While I enjoyed my time with 343 Industries’ entries in the Halo series, neither Halo 4 or Halo 5 impacted me like the original trilogy. I used to play endless hours of multiplayer with friends and would even travel to different states to participate in grand LAN parties in a friend of a friend’s basement. Months were spent messing with vehicle physics, developing capture the flag rivalries, or dissecting maps to learn the most efficient ways around. Halo hasn’t given me that kind of excitement or experimental experience in a long time. That is until I felt a glimmer of it in the recent technical preview of Halo Infinite.
Running over the course of last weekend, this first flight of the Infinite tech preview was limited to 4v4 Slayer matches against bots, which received savage AI upgrades each day of the test. Given the smaller skirmishes, the maps available were of a similar scale, though I never felt trapped or found myself spawned directly into a firefight. Each area has plenty of ways to get around. Due to the density of hallways, corridors, and more open battlefields, I never lacked the choice to attack someone’s flank or run directly into the conflict.
After playing a few matches to feel out the controls, I was surprised to be falling into my old Halo habits. Laying in heavy assault rifle fire while I closed the distance and finished off my target with a swift hit to the face was my first classic recreation, and luckily, the tactic still pays off. The movement speed of the heavy, mechanical Spartans is meant to be slower than Call of Duty operators or the Legends of Apex, and the interpretation in Infinite feels how I remember the Master Chief moving, even down to the floaty jumps. Classic Halo has those little hard-to-replicate intangibles, but in my time at war against the bots, 343 is nailing the feel of the early games.
343’s vision for Halo Infinite doesn’t appear to be reverting to the exact Bungie mold of the original games but instead finding their essence and building upon it. Halo 4 and 5 had some great ideas that have been brought forward into Infinite, albeit with a few tweaks. Clambering up walls makes its return from the previous game and feels great so far. Whether I’m making my best parkour attempt by hopping across the tops of barriers or trying to catch an enemy by surprise, the ledge grabbing always feels snappy and natural.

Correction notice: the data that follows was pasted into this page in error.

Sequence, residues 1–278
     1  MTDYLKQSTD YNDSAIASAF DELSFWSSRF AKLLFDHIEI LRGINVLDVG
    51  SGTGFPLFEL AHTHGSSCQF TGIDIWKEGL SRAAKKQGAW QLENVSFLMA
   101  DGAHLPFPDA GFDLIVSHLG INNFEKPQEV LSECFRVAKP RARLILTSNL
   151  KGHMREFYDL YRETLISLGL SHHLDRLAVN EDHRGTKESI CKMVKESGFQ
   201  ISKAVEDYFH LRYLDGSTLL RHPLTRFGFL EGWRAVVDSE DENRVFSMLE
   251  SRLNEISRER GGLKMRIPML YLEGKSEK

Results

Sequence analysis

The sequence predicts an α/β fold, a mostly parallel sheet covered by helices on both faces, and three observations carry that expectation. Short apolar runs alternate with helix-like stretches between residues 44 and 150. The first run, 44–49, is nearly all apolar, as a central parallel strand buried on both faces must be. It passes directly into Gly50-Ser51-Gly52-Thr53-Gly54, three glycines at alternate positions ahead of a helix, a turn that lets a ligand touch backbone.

Deployable items such as active camouflage, motion sensors, and the versatile Grappleshot also make a return. Built for utility, the Grappleshot lets a Spartan snag a weapon from afar (even while it’s midair!), zip to hard-to-reach areas, and pull them straight into the personal bubble of an unsuspecting enemy. While I didn’t have too many opportunities to use it, flinging my heavy frame into the air to attempt a tricky shot across the map was exhilarating. Aiming and shooting the new accessory is surprisingly accurate and useful in the right hands. I can’t wait to play around with it more and explore the possibilities it opens in battle. The drop wall, which I did have more experience with, isn’t exciting on paper but saved my life multiple times. Standing behind its tiled barrier gives a shot or two of protection in any given square of the energy field. These tiles provide just enough cover to let you stay alive in a firefight or spot an escape route, though you’ll have to be mindful of which side you’re on because it only provides one-way protection.
Halo’s core suite of weaponry is coming along nicely with the Assault Rifle, Plasma Pistol, Battle Rifle, and Needler delivering similar performance to their Halo 3 counterparts. Even though it’s not the Halo: Combat Evolved super pistol, the default sidearm in Infinite is a great option to keep on hand. I found when a target is far enough away for the Assault Rifle to hit reliably, or I only had a tight space to shoot through, this pistol is more than capable of effectively getting the job done.
My issues with the arsenal I tested lie with some of the newer firearms. Specifically, I was disappointed with the Heatwave, a new forerunner weapon that fires a line of ricocheting fireballs in vertical or horizontal formations depending on its firing mode. Its vertical mode, which I assume is designed to dispatch single targets quickly, never killed quick enough on direct hits and was never a better option than less flashy weapons.
After the technical preview shut down, I immediately reinstalled the Master Chief Collection so I could keep enjoying Halo multiplayer. A week ago, I wasn’t expecting to play Halo Infinite and was disillusioned with the franchise. But after spending some quality time with it, Microsoft’s flagship game for this holiday season is now at the top of my most anticipated games of the year list. Most of my time with the technical preview was a blast, and while connecting to servers was sometimes an issue or gameplay would freeze mid-match, those are the kinds of bugs these tests are used to weed out. I can’t wait to check out the upcoming flights and the final product when it launches (hopefully) later this year.